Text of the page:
FINALLY, A BREAK IN THE WEATHER.” I spoke out loud, but only our two dogs were listening. “Come on, guys, let’s go for a walk.” An anemic sun was shining. It was only March, though, and the trails would be soggy from weeks of rain. I pulled on my hiking boots. Nothing like a Pacific Northwest winter to give someone a serious case of cabin fever.
It wasn’t just the weather that had made me restless. My mare, Rubi, was overdue to give birth. For the past few weeks, I’d been checking her methodically, day and night. I’d calculated her due date as the end of February. I had already spent more than one night in the barn, watching her as she lay on her side and groaned in discomfort, feeling sure she would foal by the morning. Typically, horses are pregnant for 11 months, but Rubi was decidedly not giving birth and had been pregnant for nearly a year. Why wasn’t the baby coming?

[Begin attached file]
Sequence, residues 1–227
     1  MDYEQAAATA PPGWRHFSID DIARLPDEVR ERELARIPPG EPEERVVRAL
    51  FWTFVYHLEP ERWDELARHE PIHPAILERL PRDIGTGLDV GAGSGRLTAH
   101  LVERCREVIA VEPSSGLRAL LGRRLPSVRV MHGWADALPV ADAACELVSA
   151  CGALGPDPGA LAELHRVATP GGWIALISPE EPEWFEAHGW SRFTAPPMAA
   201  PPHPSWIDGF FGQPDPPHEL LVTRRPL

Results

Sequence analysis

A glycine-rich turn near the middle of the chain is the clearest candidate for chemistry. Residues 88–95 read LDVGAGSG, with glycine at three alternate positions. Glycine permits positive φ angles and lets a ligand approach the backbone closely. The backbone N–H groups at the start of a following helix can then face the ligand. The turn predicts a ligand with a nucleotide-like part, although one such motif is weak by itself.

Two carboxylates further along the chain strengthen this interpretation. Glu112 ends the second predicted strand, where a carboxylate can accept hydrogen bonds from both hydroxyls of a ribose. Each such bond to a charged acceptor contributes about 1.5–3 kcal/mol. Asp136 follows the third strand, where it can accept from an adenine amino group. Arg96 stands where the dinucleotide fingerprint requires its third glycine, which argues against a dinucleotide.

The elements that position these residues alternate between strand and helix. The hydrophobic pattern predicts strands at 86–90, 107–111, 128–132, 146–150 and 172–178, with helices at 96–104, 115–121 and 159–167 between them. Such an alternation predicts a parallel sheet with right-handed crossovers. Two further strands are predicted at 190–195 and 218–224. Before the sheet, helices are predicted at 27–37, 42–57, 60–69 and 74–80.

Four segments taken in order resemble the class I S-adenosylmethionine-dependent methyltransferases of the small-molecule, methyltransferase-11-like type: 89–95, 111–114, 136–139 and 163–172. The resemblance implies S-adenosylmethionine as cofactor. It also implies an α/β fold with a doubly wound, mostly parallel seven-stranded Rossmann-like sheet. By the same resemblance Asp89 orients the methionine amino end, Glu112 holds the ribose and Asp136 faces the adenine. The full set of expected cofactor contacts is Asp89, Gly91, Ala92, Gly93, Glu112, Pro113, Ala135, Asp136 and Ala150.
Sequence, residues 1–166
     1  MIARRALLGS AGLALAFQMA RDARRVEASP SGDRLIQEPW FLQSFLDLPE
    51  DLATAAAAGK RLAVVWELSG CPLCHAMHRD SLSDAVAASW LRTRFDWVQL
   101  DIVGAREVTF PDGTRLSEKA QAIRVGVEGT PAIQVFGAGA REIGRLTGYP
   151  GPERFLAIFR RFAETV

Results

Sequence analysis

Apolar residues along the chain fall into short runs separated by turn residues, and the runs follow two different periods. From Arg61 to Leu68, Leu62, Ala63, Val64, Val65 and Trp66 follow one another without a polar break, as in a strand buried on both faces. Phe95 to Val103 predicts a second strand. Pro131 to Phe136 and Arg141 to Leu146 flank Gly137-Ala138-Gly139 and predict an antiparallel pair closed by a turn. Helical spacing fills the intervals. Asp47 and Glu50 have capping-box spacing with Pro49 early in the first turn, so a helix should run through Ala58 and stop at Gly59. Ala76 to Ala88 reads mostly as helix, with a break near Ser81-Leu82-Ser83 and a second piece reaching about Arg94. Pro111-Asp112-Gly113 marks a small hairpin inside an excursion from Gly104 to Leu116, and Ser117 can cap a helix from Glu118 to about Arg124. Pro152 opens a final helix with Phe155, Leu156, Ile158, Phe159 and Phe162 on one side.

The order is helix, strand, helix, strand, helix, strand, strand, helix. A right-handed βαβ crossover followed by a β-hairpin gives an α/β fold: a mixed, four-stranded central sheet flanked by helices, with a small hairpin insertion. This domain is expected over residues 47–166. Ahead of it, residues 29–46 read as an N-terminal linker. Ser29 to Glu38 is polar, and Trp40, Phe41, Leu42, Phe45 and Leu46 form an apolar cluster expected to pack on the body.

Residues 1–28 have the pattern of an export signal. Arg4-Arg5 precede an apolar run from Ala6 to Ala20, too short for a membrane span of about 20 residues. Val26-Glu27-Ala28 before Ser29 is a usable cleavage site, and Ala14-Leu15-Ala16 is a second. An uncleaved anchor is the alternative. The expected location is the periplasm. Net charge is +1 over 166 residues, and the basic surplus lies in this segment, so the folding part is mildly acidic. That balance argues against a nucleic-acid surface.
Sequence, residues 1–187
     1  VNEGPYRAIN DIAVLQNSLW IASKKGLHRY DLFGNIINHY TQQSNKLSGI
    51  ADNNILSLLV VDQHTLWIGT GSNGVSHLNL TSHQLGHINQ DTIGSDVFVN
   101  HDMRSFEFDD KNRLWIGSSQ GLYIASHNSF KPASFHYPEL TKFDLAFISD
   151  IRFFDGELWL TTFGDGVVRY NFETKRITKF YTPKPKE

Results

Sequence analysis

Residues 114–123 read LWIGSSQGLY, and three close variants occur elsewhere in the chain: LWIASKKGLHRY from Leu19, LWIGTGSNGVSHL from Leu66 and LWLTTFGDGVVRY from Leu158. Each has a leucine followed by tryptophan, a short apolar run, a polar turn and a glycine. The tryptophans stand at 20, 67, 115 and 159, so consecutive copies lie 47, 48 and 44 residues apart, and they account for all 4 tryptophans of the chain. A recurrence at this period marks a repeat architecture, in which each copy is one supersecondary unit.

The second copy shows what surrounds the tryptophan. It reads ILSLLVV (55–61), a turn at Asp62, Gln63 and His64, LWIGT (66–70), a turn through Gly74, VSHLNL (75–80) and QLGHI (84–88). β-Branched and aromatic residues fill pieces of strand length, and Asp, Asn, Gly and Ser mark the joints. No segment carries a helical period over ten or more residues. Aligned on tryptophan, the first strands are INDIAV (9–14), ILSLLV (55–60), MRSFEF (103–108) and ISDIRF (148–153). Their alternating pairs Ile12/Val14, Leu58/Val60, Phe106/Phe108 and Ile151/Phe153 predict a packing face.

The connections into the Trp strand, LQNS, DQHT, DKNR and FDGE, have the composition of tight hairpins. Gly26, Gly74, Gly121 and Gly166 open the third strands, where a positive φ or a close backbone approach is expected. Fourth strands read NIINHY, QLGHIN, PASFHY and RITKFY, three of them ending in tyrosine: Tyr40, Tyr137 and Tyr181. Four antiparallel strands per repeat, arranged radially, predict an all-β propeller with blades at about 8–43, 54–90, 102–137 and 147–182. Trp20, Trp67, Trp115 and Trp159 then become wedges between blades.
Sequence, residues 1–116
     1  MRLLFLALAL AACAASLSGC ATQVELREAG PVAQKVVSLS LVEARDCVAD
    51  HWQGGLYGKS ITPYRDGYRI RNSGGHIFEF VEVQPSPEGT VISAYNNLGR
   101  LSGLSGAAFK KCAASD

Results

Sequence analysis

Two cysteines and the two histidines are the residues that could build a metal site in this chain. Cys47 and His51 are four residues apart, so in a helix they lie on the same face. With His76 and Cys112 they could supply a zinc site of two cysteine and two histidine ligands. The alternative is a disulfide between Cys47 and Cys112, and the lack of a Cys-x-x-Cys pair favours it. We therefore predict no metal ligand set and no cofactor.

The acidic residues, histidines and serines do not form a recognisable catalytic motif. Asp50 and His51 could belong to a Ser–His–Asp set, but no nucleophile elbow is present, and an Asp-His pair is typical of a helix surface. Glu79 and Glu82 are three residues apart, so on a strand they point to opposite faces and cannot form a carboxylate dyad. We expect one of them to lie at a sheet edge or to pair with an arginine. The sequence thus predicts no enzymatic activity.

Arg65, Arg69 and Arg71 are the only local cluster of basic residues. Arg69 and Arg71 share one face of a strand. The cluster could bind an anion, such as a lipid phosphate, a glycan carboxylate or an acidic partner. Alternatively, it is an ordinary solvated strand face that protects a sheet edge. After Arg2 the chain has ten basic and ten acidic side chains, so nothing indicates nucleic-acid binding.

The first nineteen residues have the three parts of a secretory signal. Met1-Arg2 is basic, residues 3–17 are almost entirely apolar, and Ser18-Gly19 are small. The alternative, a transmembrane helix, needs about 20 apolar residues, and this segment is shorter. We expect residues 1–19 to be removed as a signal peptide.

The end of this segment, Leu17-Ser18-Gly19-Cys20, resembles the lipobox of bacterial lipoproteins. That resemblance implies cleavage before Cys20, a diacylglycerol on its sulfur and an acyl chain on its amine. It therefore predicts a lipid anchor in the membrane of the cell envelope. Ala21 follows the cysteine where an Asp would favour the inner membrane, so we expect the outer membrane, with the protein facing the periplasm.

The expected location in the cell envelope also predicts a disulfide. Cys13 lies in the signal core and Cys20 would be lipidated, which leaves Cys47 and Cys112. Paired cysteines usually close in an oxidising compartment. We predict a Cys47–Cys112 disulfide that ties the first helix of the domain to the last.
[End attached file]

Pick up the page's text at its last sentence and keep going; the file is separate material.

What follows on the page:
Jamming my cold hands into my pockets, I walked down our long driveway toward the deserted country road that led to mountain trails. I inhaled deeply as the dogs ran laps around my legs and each other, their bodies quivering with excitement. If only I could tap into that deep-down joy.
If I were honest with myself, the frustration ran deeper than a dreary March day or an overdue mare. Something had been happening to me, beginning around the summer that my younger child, my daughter, Haley, graduated from high school and m